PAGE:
Hyundai claims to have America’s best warranty for a reason: it’s 5 year, 60,000 mile basic warranty and 10 year, 100,000 mile powertrain warranty makes it among the longest lasting in the entire country.
Only new Kias have the same warranty garuntee.
Does that same level of protection apply to your Hyundai’s paint? Let’s break it down.
Hyundai Has Had Issues With Paint In The Past
We did an informal office poll of our team members and found that many not only owned Hyundai vehicles but have had issues with their paint.
Common complaints included the paint fading too soon, and in some extreme cases, chipping off. These stories of course should be taken with a grain of salt, given that we are located in St.Petersburg, Florida.
The humidity and salt when combined with the intense sunlight are not good for even the strongest paint. But, as it turns out, there have been others who have experienced the same issue.
According to Class Action Reporter:
Many Hyundai owners have complained of significant body paint defects. The complaints typically detail cracks to the paint on the vehicles that progress to bubbling, peeling and, in some cases, the body paint eventually completely delaminating from the cars. The vehicles reported to experience body paint defects are the Hyundai Elantra, Santa Fe and Sonata models.
According to the owners who have complaints about their Hyundai, repair shops often advise them that the paint, as well as the paint process used by Hyundai, was flawed.
We advise you take this report with a grain of salt because cars of all shapes and sizes have paint issues. Hyundai is not alone in that regard. However, that didn’t stop the most litigious state on the planet from trying to go after Hyundai.
California Consumers Tried To Sue Hyundai In Response To This Problem
As usual, we can always count on California to throw the kitchen sink at any incoming problem. And as expected, they did in response to Hyundai having paint issues.
According to classaction.org:
On August 21, 2017, a California federal judge dismissed a proposed class action claiming that the paint on certain Hyundai vehicles (2006-2016 Santa Fes, Sonatas and Elantras) would start to peel too soon after the cars were purchased.
Unfortunately, the suit was dismissed with predjuice, meaning it can’t be refiled.
When it comes down to it, the court simply found Hyundai’s claim that its paint would “stand the test of time,” was more puffery than promise – especially since the cars came with a three-year, 36,000-mile warranty. Backing this up, the dismissal notice said, was the fact that most people’s paint peeled after the warranty period had expired – and that paint shouldn’t be expected to last forever.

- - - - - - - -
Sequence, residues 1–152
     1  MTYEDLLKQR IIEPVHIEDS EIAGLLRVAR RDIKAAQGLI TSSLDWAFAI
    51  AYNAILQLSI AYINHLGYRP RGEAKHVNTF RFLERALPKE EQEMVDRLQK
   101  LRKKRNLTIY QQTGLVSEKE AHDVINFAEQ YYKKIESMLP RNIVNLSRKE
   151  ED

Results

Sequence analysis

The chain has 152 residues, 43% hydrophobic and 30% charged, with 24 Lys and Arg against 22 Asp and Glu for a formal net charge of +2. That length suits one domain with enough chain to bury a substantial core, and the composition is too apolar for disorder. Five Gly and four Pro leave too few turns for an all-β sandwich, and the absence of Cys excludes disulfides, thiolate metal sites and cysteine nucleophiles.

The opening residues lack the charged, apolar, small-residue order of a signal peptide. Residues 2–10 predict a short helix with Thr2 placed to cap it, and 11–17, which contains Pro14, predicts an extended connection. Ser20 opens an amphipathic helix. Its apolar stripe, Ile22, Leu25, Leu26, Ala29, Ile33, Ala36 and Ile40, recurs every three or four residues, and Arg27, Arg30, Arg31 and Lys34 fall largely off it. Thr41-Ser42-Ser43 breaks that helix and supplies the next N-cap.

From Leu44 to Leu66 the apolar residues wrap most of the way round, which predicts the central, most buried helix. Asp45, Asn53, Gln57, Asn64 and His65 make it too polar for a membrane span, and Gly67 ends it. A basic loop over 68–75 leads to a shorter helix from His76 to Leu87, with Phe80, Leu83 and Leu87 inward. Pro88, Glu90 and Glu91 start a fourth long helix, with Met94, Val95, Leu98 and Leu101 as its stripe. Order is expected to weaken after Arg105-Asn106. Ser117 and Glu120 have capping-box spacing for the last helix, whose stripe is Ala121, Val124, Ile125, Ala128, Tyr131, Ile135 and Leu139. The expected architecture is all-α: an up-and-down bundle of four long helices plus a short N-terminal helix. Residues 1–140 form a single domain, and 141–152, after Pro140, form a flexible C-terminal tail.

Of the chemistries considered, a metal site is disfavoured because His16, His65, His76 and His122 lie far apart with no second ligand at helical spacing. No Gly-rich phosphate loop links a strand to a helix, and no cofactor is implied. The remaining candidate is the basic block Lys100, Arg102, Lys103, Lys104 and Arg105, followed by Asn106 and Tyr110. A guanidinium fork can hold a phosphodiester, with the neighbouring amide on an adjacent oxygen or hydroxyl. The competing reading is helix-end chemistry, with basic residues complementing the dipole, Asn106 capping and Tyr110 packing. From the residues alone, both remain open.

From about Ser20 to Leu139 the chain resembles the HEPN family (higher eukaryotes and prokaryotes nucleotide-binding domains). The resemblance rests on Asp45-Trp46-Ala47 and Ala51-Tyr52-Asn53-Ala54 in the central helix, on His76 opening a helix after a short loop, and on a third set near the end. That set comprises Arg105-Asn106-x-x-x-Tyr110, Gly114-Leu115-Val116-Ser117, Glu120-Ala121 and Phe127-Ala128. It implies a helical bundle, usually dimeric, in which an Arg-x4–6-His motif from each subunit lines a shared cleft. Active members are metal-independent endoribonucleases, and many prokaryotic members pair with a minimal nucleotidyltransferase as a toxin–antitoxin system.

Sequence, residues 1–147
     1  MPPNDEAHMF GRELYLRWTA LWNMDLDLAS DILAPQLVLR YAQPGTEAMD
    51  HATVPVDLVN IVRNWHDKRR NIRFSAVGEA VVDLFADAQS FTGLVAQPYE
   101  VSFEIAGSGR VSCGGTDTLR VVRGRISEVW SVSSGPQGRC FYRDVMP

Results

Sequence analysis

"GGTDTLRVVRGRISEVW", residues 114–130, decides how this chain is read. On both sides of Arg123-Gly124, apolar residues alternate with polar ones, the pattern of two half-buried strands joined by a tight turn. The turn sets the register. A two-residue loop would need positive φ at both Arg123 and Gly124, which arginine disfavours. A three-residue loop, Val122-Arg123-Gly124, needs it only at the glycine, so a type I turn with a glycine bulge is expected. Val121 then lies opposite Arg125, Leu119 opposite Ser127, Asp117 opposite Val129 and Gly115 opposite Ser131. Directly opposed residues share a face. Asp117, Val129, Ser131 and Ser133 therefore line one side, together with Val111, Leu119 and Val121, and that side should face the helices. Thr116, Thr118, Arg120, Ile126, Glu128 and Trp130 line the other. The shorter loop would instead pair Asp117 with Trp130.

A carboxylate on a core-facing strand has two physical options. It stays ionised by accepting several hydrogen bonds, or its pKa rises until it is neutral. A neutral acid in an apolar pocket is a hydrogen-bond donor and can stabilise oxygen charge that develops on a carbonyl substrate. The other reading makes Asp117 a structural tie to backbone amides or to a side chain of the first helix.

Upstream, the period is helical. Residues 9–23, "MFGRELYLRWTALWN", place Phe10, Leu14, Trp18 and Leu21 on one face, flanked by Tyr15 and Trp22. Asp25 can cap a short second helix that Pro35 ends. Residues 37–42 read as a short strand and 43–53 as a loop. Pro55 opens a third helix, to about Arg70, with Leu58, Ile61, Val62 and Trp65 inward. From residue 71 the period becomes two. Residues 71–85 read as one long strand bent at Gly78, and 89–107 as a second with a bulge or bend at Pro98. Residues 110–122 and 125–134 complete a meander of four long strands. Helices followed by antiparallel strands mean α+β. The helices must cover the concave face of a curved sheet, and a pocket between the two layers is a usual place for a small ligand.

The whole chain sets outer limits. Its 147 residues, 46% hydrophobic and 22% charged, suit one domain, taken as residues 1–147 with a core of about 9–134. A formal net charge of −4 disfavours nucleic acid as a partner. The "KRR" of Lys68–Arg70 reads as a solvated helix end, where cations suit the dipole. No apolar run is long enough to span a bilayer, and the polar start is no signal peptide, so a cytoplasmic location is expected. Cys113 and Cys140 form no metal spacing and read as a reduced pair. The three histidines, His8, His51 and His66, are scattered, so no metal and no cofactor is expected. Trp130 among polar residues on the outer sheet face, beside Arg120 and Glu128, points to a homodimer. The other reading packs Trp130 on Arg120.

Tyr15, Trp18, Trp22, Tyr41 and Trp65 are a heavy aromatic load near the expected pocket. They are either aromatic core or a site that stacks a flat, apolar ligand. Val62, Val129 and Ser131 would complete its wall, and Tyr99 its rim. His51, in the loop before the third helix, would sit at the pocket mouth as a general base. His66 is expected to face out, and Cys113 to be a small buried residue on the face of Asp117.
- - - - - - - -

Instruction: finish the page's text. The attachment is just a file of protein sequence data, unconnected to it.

So, What Is The Paint Warranty?
Unfortunately, Hyundai’s paint warranty is fairly limited. Hyundai’s paint warranty covers your car for 3 years / 36,000 miles.
Unfortunately, this paint warranty does not include coverage for any surface rust, so if your paint job is starting to show rust spots, you are out of luck.
How Can I Make A Claim For My Paint?
If you have an issue with your paint, the first thing you’ll need to do is gather your basic information which will help you get your Hyundai fixed. You will need:
- Your name and address
- Your vehicle’s model and year
- Your date of purchase
- Your VIN (17 digit number found on the driver’s side dashboard)
- Your current mileage
- The dealership you bought the car from and service it at
- A brief description of what’s going wrong with your paint.
Once you have all of your information gathered, head over to your local Hyundai dealership. There, they will look at your car and assess your claim. If you have less than 3 years / 36,000 miles on your car, expect your paint to be covered.
But if you don’t…
Dealing With Bad Paint: Getting A New Paint Job
You do have options if your paint is having issues and you are out of warranty, but they could cost you.
According to Cost Helper, the cost for a single-coat synthetic enamel paint job ranges from $300 to $900, with an average of $566. A mid-level paint job with a higher-quality paint and additional prep work like removing rust and dents can range from $1,000 to $3,500 with an average of $1,316. For a high-quality paint job drivers reported spending between $2,400 and $7,500, with an average price of about $5,000.
You will have to assess whether spending this amount of money is worth it considering your issue.
If you live in a more extreme climate, like Arizona or Florida, having your car paint is more of a neccessity than a luxury. Chipped paint can allow body panels to rust.
Nothing good comes from rust.
Luckily, if your paint problems are less severe you may be able to go for a slightly less expensive solution.
Dealing With Bad Paint: Touch It Up
We’ll be honest with you, touch up paint is not going to magically make your car look good as new.